St. Joseph Mercy Ann Arbor (SJMAA) achieved Level I Trauma Center verification this year from the American College of Surgeons (ACS), demonstrating expertise to treat the most severely injured patients through multidisciplinary trauma care from prevention through rehabilitation.
Winter is naturally a busy time for the Trauma Center as patients come in with injuries from slips and falls, hypothermia and frostbite, overexertion from shoveling snow and, of course, vehicle accidents.
Trauma Center Medical Director Dr. Mary-Margaret Brandt, shares some important tips to help you and your family stay safe this winter.
- What is the number one thing people can do to be safe on the roads this winter?
Plan ahead. Make sure your car is winter-ready and that you have a winter emergency car kit and drive carefully.
- What are some important things to keep in mind when planning ahead?
Part of planning for your trip, besides packing up presents, is to check the weather report and road conditions for your travel route. Be sure to listen to traffic reports for accidents, have a cell phone with emergency numbers pre-programmed and take your time.
- What does it mean to have your car winter-ready?
Your car windshield fluid reservoir is filled, tires properly inflated, battery charged, and wiper blades should completely clean your windshield. Know whether your car has an anti-lock brakes system or not. Do not run your car for long periods of time or in enclosed spaces.
- What should be included in a winter emergency car kit?
The car kit should have items you would need if you have a car emergency, like a gas can, ice scraper, jumper cables, blanket, water, first aid kit, cell phone charger, water, snacks, kitty litter, a shovel, flares and warm clothes.
- What are some tips for safe winter driving?
Motorists should keep a safe distance between themselves and other vehicles to allow for enough space to stop. If you have anti-lock brakes, apply steady brake pressure to avoid skidding. If you don’t have anti-lock brakes, you may need to pump your brakes. Driving speed should depend on road condition and visibility. Avoid using cruise control in wet, icy or snowy conditions to keep control of acceleration and deceleration.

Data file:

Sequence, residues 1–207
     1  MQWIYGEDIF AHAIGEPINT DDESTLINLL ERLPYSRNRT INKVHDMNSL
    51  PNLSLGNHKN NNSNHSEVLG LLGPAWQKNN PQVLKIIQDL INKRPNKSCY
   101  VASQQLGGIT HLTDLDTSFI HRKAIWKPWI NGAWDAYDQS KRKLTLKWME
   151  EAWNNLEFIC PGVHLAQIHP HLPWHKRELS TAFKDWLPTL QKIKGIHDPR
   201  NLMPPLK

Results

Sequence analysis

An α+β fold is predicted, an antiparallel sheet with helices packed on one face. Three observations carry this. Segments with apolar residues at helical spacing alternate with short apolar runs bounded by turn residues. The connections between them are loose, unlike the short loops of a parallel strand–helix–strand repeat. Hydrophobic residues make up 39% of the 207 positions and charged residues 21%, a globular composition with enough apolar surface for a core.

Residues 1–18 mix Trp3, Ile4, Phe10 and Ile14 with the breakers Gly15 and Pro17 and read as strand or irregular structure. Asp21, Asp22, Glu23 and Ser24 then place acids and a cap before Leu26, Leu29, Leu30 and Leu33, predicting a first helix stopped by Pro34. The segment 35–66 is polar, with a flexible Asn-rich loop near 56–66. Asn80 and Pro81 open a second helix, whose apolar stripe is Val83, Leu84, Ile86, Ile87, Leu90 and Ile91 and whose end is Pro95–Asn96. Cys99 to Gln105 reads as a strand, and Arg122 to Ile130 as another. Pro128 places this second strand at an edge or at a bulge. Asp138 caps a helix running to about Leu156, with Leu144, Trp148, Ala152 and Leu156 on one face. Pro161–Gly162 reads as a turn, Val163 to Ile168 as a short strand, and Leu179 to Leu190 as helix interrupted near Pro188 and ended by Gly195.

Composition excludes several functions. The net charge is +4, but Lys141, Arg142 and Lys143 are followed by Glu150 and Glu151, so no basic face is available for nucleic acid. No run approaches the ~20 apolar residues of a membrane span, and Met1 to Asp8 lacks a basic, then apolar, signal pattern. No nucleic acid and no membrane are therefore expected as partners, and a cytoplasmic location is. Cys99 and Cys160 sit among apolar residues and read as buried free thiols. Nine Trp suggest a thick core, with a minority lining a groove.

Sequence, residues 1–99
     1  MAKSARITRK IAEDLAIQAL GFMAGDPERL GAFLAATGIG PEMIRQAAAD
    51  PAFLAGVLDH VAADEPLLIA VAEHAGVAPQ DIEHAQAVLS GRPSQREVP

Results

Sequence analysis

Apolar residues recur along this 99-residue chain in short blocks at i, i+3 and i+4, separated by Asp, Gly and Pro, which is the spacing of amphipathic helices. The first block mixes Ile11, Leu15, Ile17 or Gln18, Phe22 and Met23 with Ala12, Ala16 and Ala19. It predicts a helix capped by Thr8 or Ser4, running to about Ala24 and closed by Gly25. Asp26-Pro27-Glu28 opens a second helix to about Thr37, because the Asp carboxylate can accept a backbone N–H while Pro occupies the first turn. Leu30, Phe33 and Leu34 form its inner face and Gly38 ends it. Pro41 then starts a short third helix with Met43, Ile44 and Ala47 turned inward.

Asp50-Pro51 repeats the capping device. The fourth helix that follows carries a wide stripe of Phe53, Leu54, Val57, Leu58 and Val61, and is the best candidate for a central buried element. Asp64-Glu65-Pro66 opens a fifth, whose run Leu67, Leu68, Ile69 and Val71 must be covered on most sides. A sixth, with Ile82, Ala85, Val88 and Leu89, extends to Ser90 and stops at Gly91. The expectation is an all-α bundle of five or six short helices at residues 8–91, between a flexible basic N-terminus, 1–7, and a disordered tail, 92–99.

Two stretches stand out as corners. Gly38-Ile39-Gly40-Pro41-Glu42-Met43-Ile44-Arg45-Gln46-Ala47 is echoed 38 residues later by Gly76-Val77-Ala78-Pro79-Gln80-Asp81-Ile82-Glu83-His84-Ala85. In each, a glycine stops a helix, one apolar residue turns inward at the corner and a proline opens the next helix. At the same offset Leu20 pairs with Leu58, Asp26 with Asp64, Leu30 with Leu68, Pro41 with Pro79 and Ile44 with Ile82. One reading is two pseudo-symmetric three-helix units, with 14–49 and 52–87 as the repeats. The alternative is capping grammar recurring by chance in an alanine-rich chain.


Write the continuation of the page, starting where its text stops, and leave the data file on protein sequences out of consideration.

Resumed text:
- Motorists are going to encounter snowplows during the winter, what is the best way to navigate them?
Snowplows can create a cloud of snow that may limit your visibility and throw ice, rocks or salt at your vehicle. It’s important to keep a safe distance between your vehicle and the snowplow. If you are driving behind a snowplow, don’t follow too closely because a snowplow operator’s field-of-vision is limited. Remember, if you can’t see the mirrors, the driver can’t see you.
- What should a person do if they find themselves in an emergency situation?
If you are stopped or stalled, stay in your car – it provides temporary shelter. Use your cell phone to call for assistance. Don’t try to walk in a severe storm, and don’t overexert yourself if you have to push or dig your vehicle out of the snow. Tie a brightly colored cloth to the antenna or place a cloth at the top of a rolled up window to signal distress. If you have to spend the night in your car, keep the dome light on if possible. It only uses a small amount of electricity and will make it easier for rescuers to find you. Make sure the exhaust pipe isn’t clogged with snow, ice or mud. A blocked exhaust could cause deadly carbon monoxide gas to leak into the passenger compartment while the engine is running. If possible run the engine and heaters just long enough to remove the chill and to conserve gasoline. Use whatever is available to insulate your body from the cold. This could include floor mats or newspapers.
- What other things should people do to be safe on the road during this winter season?
Drivers and passengers should always wear a seat-belt. Make sure everyone else in your vehicle is buckled-up in age-and size-appropriate restraints. Never text and drive. And always drive sober.
- What is the best advice you can give people during this winter driving season?
This time of year the weather can change at any given moment and become dangerous. Taking the time to prepare for winter weather by having the necessary emergency equipment with you will not only save you time but also keep you safe. And remember if you don’t have to go out, stay home. Even if you can drive well in the snow, not everyone else can. Don’t tempt fate: If you don’t have somewhere you have to be, watch the snow from indoors and stay off the road.